The interns are also working on a Testimony Booklet, in which they will compile 10 compelling testimonies about various women's journeys through the WMI loan program and the impact the loan has had on their lives and families. In Buyobo, where the loan program has been in operation for 5 years now, the interns are looking forward to hearing and documenting the significant impacts of the program in the women's individual voices.




Top Row: Tiffany Sun, Siena Romano, Meghan Reynolds Bottom Row: Tricia Woodcome, Alex Valentino, Chris Heagen

WMI's six stateside college interns assembled in Bethesda on June 1 to embark on their summer journey of compiling and analyzing what WMI's President, Robyn Nietert, described as, "more borrower data ... than all the past years put together!"  With such a staggering task ahead of them, these ambitious youth are rethinking how WMI organizes and presents its loan program impact information, which is gathered every 6 months from borrowers across Uganda, Tanzania, and Kenya. The team of six has overhauled the recording and organization of incoming data into new templates, and is now training its sights on reimagining the layout and content of the annual Fact Books.  Available on the website in August, the 2013 Fact books will focus on consolidating information into country-wide reports, analyzing regional trends, and highlighting trends in loan hubs that were introduced within the past year.  In tandem with the restructuring of the fact books, the website will also be reorganized to reflect the new fact book layout, with divisions by country.


The 2013 WMI College Summer Intern Team includes:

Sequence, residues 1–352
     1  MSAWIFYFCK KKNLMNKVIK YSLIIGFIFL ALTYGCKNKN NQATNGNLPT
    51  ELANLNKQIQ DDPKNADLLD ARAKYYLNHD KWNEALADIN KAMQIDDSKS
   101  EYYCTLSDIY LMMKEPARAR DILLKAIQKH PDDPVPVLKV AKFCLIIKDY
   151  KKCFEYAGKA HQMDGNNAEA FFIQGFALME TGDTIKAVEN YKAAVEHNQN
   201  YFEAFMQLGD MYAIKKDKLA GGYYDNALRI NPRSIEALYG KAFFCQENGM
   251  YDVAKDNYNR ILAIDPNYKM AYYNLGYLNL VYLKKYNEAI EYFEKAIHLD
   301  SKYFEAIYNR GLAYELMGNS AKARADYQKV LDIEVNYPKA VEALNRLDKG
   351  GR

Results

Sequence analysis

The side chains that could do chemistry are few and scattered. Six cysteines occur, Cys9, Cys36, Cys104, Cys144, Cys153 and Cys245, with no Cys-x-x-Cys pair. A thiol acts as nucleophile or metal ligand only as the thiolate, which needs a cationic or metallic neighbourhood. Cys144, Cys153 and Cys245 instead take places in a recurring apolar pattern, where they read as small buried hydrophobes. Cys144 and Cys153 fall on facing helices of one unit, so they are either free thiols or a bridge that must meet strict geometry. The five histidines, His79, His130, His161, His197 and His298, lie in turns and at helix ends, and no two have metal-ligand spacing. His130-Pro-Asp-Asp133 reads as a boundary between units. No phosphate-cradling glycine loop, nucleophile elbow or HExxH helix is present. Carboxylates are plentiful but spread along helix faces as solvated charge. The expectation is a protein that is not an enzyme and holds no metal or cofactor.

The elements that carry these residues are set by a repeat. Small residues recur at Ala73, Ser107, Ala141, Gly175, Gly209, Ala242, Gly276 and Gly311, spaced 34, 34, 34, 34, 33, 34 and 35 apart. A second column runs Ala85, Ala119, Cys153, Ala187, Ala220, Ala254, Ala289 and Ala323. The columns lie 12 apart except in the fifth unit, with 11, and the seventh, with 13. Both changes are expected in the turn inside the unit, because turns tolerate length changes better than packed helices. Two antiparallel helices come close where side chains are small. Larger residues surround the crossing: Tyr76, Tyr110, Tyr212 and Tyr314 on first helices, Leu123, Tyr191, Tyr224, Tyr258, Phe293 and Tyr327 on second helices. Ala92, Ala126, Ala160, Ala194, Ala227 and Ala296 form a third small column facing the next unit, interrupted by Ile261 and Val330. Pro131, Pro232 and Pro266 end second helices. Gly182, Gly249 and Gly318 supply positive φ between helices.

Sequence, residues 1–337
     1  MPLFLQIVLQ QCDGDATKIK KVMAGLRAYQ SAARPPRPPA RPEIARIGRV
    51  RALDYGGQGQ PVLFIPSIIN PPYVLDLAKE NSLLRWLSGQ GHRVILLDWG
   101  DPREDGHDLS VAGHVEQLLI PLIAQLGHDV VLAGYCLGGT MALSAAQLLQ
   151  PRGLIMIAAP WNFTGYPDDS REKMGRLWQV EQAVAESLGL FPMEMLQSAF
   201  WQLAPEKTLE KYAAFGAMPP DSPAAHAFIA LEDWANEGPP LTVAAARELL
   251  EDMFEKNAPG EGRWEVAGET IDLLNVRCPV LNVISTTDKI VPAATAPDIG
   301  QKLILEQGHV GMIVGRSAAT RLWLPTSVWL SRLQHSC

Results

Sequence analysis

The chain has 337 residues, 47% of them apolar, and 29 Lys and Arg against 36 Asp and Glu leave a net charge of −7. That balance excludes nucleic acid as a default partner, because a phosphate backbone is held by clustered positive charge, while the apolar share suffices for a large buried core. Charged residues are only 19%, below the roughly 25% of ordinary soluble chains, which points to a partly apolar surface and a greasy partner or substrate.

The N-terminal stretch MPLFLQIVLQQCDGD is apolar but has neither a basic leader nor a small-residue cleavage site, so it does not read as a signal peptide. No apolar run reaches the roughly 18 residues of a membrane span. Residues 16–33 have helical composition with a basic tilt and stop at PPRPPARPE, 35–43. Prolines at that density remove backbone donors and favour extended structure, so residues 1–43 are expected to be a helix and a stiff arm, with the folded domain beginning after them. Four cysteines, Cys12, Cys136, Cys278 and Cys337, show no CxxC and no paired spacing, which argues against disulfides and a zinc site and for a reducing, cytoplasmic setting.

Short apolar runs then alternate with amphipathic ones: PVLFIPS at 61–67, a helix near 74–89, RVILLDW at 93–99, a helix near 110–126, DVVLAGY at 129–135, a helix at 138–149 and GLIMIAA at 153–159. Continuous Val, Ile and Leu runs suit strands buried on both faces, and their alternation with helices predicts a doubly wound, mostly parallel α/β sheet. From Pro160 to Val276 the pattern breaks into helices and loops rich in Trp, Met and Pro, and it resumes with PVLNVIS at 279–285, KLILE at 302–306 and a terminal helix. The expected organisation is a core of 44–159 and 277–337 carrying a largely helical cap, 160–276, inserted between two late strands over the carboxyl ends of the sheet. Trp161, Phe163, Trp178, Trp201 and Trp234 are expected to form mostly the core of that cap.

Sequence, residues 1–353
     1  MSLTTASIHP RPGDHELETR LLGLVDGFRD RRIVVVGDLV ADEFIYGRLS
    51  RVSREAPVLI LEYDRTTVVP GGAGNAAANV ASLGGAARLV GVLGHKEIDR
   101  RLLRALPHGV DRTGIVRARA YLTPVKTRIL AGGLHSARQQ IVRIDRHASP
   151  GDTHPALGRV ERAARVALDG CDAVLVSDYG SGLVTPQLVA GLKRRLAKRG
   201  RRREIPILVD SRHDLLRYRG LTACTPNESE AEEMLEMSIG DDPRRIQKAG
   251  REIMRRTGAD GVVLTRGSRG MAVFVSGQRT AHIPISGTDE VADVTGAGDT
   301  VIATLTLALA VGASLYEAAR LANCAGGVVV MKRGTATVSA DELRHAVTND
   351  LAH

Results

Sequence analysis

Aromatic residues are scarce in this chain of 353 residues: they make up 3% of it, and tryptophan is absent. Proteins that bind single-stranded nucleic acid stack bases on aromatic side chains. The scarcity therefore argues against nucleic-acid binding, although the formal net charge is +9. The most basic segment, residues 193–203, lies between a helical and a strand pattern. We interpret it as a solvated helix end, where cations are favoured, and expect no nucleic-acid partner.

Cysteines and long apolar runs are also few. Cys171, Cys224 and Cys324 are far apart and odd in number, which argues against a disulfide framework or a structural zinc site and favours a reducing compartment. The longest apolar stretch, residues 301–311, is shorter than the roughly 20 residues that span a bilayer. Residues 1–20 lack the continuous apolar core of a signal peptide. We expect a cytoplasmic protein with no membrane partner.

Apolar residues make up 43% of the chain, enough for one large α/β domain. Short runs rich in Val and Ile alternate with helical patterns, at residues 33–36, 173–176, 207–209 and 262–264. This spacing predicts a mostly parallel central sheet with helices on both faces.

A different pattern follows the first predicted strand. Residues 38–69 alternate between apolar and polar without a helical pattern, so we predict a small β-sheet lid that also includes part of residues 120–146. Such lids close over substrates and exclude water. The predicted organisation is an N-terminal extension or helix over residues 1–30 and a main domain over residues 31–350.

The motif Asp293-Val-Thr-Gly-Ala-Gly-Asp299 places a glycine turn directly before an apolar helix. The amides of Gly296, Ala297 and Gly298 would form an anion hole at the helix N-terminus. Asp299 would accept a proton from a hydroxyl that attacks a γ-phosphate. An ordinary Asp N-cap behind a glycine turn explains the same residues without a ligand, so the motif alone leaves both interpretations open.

Chris Heagen (Bethesda, MD), a rising sophomore at Cornell University where he plans on double majoring in Economics and Information Science; Meghan Reynolds (Bethesda, MD), a rising sophomore at Dickinson College, where she will major in International Relations and minor in Arabic and Spanish; Siena Romano (Hardwick, MA), a rising sophomore at American University in Washington, D.C., majoring in Public Health; Tiffany Sun (Rockville, MD), a rising sophomore at Georgetown University, studying Government and Math; Alex Valentino (Falls Church, VA), a rising sophomore at Lehigh University, where he is double majoring in Finance and Computer Science; Tricia Woodcome (Lexington, MA), a rising sophomore at New York University, where she is majoring in Global Liberal Studies with a minor in Art History. Read more about the Bethesda interns on the WMI web site here. 



Overjoyed New Borrowers in Tloma Holding Up Money From their First Loans
Recently, WMI's partner and the main force behind the loan hubs in Tanzania, Judy Lane, traveled with WMI summer intern, Siena Romano, to the village loan hubs there to check  on operations. Alailelai is an extremely isolated village in the Ngorogoro Conservation Area. The families living in Alailelai belong to the Maasi tribe and are traditionally nomadic. The culture places a high value on cows, to the extent that young calves often sleep with the Maasi in their bomas. (A boma is a collection of houses; the Maasi live communally and their family structure is very fluid). Because the Maasi today are leading similar lives to their ancestors hundreds of years ago, much of their economy is based of the trading of goods and animals, so they do not have any experience with fixed businesses, bookkeeping or finance. Also, the women in the tribe are not commonly raised to be leaders. Instead, they are raised to be wives and mothers.
With these challenges, Judy and Siena met with individual women who received loans last year, talked about their business plans, and discussed how make each woman's businesses more productive. The noticeable enthusiasm and persistence of the individual women is indicative of why the loan program in Alailelai is still so successful despite its cultural challenges. In May, 40 new borrowers listened intently during the business training and then received their first loans.  The experienced borrowers want to continue to expand the loan program to include more women in their tribe.